Councils across Britain have reported an "unprecedented" surge in the number of people registering to vote in next Thursday's election.
Amid signs that the country is heading for the closest result in a generation, a survey by The Independent has discovered the vast majority of councils experienced significant rises in voter registration in the run-up to last week's deadline.
From the south coast of England to central Scotland, local authorities are reporting increases of up to 17 per cent in registration.
The trend is consistent across major cities, suburban constituencies and rural seats; and is pronounced in areas with crucial marginal seats. Returning officers attributed the "remarkable" increase to the interest generated by the three televised leaders' debate and the three-horse nature of the contest.
The London Borough of Islington said 135,769 people had registered to vote on 6 May, compared with 116,176 at the time of the last election in 2005, a rise of 17 per cent. In neighbouring Hackney, registrations have gone up 15 per cent.
The number of voters on the electoral roll has increased by 8 per cent in Leeds, equivalent to an extra 18,000 voters. It also went up by 6 per cent in Newcastle and by 4 per cent in both Sheffield and Manchester.
A call centre set up by Manchester City Council received more than 1,000 calls a day after the first leaders' debate on 15 April. The authority reported an "unprecedented" 7,000 people registering to vote during this month.
Officials in Leicester reported a late rush with 1,800 voters signing up in the week before the 20 April deadline. The council's electoral services manager, Alison Scott, said the "phones hardly stopped ringing".
She said: "We anticipated a surge in enquiries, so made sure we had enough staff to answer the helpline number. But we weren't expecting to be handling 400 calls a day – we certainly didn't see a late surge like this in 2005."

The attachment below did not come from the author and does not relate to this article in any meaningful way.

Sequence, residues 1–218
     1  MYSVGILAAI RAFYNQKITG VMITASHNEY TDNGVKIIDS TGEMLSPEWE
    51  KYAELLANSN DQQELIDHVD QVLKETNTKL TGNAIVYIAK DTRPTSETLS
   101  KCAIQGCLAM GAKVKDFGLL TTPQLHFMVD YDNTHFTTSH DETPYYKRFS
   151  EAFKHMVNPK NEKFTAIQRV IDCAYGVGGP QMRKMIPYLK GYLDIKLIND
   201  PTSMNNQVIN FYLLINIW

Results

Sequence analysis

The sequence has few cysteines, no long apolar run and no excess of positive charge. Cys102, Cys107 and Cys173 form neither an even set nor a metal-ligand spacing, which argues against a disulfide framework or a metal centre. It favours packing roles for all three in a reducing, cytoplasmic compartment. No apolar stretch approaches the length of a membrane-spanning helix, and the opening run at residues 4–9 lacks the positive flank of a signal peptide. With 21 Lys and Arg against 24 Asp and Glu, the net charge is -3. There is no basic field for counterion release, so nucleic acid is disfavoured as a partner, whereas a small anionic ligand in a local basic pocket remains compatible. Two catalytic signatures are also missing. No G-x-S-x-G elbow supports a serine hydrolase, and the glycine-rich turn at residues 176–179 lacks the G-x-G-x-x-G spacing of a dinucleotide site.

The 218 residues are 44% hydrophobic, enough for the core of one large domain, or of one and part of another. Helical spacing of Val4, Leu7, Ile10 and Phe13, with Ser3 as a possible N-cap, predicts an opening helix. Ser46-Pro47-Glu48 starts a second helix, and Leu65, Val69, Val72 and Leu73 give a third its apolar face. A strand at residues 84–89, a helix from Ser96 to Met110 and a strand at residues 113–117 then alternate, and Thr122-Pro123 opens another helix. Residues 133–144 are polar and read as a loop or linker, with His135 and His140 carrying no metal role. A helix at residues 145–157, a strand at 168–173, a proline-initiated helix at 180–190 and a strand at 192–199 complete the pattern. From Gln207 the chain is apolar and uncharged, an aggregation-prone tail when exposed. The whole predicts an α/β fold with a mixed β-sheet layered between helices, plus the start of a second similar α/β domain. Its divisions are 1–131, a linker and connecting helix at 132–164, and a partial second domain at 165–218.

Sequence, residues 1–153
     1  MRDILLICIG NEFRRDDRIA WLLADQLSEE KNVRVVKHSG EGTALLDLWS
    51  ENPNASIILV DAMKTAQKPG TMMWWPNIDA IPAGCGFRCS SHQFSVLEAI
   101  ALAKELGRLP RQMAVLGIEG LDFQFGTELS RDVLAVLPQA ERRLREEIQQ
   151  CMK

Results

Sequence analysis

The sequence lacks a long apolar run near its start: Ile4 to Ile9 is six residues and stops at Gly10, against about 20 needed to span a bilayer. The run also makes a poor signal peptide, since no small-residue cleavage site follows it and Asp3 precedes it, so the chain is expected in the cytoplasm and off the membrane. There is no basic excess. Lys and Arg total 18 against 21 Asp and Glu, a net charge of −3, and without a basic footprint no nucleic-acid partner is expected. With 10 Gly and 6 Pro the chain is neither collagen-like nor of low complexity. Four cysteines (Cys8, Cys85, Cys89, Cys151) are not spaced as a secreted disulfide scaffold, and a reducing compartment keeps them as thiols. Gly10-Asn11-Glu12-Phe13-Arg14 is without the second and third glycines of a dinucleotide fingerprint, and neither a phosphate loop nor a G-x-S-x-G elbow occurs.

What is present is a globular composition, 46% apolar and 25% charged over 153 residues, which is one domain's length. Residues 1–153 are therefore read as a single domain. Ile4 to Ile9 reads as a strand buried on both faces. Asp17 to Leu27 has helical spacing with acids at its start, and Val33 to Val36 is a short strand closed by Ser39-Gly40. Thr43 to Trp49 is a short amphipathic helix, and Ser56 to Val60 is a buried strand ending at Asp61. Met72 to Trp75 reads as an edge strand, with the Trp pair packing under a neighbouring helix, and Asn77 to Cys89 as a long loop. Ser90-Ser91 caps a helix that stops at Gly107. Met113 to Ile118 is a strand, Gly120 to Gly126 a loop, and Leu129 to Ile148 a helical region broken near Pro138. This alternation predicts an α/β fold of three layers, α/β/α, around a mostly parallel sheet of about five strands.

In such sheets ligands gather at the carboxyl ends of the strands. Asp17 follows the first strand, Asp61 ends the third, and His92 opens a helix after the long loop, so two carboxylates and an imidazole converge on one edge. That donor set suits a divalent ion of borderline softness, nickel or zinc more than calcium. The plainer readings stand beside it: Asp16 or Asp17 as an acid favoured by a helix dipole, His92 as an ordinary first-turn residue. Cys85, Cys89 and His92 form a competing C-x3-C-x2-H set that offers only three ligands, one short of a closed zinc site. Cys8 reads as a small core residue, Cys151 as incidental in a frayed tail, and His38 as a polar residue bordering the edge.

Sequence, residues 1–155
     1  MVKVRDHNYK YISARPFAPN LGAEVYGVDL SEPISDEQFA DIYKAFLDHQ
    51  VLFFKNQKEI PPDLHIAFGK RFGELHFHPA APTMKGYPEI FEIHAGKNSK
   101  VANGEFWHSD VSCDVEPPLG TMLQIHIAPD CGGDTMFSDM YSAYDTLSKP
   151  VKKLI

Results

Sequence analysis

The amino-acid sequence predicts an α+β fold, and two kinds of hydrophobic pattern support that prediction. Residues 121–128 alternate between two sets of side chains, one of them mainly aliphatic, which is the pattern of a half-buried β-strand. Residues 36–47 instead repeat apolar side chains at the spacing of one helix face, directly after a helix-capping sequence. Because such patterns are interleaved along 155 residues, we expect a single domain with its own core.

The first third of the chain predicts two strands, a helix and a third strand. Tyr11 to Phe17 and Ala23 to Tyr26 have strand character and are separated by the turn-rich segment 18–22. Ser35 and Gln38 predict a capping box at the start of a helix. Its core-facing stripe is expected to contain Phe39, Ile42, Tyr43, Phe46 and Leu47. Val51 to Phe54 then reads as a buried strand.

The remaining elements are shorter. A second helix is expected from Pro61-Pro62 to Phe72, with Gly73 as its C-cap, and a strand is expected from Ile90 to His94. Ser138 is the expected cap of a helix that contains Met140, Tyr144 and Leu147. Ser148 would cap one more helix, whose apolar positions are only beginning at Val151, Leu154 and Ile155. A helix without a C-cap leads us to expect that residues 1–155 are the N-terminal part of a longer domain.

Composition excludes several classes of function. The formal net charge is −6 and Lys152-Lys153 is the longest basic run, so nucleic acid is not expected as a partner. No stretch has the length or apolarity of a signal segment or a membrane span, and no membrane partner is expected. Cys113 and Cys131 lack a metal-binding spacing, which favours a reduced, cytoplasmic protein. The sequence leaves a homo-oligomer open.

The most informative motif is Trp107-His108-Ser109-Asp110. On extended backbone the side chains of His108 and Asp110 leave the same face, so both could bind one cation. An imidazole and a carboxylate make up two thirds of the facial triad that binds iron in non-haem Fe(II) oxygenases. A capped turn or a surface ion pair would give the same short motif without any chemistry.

Martin John, electoral services manager at Oxford City Council, where registrations rose by 14 per cent, said: "We have seen a late surge in people registering, applying for postal and proxy votes and re-registering. The surge started about two weeks before the deadline and continued right up to 20 April."
Chris Facey, electoral services officer for Sedgemoor District Council in Somerset, said: "There's been a definite increase since the debates started. We've registered 1,700 voters in the last two weeks – it's been phenomenal."
Numbers registering have increased by 6 per cent in Wells, Somerset, where the Tories are defending a 3,040 majority over the Liberal Democrats, and by 5 per cent in Somerton and Frome, where the Liberal Democrats' notional majority over the Tories is 595.
The constituencies of Poole and Mid Dorset and North Poole have experienced a combined increase of more than 9,000 compared with 2005.
Registration has been boosted by new legislation allowing people until the 11th day of the campaign to sign up. Previously, no one could add his or her name to the electoral roll once a general election had officially been called.
The Electoral Commission said more than 500,000 registration forms were downloaded from its website in the month before the deadline, 50,000 of those in the final 24 hours.
Forty per cent of visitors to its website were aged between 18 and 24 – a trend that will encourage the Liberal Democrats, who hope to poll strongly among students and young adults.
John Turner, chief executive of the Association of Electoral Administrators, said: "From the information I have had, it appears to be the case that there has been a quite remarkable increase in registration."
He suggested the rise might be linked to the "increased interest" provoked by "probably the closest election within memory", but warned it might not necessarily lead to a higher turnout on the day.
Dame Margaret Eaton, chairman of the Local Government Association, said: "Any sign of increases in the number of people registering to vote can only be good news for democracy.
"It is crucial people not only register to vote, but make sure they turn out on polling day so their voice is heard."
Election turnout has been steadily dropping since 1950 when 83.9 per cent of the adult population voted. It fell to just 59.4 per cent in 2001, slightly recovering to 61.4 per cent four years later. Political leaders will be hoping that two out of three electors will turn out this time.Reuse content